It’s not exactly a spoiler that Bell appears in the film as Jigsaw who died of cancer following Saw III. However, that hasn’t stopped him from appearing in all the succeeding films in the franchise including this one which is a good thing because he has been the best part of the series all along. He is one of the great horror villains of all time and yet he rarely does the “dirty work” himself; he simply captures people he feels need to prove themselves worthy of continued life and puts them in situations where their survival depends on their own strength of will and willingness to take responsibility for their actions and yes, the actions that the five in the barn have committed are pretty heinous indeed.

The gore is pretty intense here but veteran horror fans should have no problem with it. Those who are more dilettantes might be a little more squeamish in that regard. The traps are fairly Rube Goldberg-like although a couple were kind of lame. Those who have at least a passing familiarity with the basics of the film series should have no difficulties following the action but those coming in fresh without ever having seen any of the first seven films are going to be scratching their heads an awful lot.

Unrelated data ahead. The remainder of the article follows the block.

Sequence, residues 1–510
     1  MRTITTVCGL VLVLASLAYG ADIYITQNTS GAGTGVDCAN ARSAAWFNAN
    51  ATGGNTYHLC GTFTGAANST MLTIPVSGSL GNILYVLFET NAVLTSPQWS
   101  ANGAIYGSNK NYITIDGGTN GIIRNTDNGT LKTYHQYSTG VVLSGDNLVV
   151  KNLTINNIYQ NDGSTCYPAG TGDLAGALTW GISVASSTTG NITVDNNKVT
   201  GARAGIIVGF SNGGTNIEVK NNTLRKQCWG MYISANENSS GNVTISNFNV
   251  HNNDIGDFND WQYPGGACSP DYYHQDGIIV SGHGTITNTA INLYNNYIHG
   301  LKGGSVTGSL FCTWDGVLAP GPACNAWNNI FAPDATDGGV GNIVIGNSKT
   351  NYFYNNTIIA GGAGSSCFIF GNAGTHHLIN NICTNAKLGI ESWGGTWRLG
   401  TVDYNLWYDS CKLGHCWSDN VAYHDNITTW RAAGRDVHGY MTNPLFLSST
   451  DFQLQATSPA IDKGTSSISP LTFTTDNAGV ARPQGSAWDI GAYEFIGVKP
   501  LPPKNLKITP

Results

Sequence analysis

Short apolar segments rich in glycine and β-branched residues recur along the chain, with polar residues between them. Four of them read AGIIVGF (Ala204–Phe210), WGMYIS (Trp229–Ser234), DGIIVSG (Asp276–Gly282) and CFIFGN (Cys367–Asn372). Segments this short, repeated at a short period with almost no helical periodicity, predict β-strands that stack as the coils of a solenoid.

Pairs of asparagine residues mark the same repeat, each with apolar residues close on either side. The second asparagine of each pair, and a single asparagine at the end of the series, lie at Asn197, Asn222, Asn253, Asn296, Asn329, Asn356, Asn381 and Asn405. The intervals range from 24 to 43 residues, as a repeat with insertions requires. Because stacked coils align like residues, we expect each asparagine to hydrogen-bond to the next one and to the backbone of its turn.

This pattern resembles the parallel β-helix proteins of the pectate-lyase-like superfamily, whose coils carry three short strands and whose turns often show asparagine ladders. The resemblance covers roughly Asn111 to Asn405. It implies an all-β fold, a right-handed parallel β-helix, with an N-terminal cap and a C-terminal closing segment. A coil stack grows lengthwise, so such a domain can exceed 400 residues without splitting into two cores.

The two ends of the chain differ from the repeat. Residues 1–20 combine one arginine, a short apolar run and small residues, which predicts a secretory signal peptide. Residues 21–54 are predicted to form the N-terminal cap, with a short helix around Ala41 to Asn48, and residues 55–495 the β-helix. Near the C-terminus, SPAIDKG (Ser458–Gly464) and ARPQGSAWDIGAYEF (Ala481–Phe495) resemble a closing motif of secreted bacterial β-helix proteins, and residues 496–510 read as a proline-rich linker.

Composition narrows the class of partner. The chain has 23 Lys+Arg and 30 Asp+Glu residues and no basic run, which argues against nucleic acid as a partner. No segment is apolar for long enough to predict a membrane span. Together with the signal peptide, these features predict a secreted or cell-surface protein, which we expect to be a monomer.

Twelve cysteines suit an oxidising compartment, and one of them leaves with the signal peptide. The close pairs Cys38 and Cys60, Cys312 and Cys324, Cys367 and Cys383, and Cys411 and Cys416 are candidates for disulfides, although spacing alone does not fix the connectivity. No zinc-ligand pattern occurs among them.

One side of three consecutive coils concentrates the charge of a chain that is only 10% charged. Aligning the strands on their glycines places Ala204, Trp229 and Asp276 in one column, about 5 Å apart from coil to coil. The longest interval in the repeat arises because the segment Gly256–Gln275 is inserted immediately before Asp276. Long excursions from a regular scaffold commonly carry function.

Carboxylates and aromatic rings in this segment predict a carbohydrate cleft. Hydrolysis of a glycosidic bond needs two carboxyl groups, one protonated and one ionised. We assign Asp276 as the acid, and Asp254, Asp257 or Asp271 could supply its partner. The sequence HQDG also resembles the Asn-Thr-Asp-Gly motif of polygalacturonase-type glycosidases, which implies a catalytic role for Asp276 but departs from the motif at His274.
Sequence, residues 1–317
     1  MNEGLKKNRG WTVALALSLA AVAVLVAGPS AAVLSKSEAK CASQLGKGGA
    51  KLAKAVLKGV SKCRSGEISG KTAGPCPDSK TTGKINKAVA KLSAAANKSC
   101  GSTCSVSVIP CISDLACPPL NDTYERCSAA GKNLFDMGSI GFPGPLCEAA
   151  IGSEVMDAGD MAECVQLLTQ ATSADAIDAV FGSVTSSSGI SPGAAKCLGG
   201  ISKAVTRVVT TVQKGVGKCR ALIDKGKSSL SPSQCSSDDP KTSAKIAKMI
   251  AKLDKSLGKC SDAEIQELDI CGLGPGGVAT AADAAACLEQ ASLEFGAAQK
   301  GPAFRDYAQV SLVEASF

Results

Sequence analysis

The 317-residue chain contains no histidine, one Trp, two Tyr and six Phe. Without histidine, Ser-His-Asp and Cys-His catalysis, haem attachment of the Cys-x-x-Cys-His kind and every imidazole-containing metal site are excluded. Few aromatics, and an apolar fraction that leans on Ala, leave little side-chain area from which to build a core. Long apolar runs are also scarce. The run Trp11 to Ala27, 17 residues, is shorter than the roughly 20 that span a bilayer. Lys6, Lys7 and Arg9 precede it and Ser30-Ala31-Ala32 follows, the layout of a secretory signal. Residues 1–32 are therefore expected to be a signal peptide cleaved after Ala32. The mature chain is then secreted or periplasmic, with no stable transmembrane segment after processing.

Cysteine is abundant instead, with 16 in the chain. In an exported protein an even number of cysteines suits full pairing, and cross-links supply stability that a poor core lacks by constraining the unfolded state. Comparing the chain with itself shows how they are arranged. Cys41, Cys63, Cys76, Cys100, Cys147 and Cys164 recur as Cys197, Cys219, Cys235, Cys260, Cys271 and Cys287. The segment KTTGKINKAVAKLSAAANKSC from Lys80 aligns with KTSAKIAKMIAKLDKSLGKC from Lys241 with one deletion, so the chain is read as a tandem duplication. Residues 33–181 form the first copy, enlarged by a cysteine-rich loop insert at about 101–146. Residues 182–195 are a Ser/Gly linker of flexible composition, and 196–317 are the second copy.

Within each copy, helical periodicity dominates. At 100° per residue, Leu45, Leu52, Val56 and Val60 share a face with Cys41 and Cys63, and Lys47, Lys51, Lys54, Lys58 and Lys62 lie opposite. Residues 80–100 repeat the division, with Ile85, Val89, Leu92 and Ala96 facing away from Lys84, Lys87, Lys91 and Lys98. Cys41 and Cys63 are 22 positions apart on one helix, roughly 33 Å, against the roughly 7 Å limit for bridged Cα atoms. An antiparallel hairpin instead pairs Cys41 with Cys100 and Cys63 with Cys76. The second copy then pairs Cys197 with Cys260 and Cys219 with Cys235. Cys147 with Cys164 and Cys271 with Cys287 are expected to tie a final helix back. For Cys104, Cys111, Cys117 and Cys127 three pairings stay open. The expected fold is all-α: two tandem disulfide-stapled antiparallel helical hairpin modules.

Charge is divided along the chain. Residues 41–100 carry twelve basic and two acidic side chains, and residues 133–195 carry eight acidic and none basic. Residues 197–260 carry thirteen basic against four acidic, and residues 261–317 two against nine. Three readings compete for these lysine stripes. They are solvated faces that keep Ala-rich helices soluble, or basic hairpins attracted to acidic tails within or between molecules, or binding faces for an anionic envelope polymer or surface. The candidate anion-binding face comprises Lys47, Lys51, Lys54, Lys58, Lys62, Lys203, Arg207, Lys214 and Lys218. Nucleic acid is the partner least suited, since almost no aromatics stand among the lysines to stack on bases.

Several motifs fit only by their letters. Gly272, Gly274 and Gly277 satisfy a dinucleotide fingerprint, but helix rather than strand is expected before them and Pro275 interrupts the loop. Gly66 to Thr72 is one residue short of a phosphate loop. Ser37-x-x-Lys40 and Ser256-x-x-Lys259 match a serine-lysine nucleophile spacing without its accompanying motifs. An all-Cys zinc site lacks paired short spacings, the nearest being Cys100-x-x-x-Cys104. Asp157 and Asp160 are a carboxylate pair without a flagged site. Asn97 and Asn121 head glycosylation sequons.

The big problem here is that the movie feels rushed; the only time that the directors seem to take their time on anything is when the barn denizens are on the edge of getting mangled. Otherwise it feels like they’re impatient to get to the next gruesome murder. Maybe their core audience is too. The rest of us though may wish for a bit more exposition. Even given that, the movie doesn’t have a lot of energy; I did see it at a matinee screening that was mostly empty and maybe I would have felt differently in a crowd of horror fans enjoying the hell out of themselves. That’s probably the best way to see this.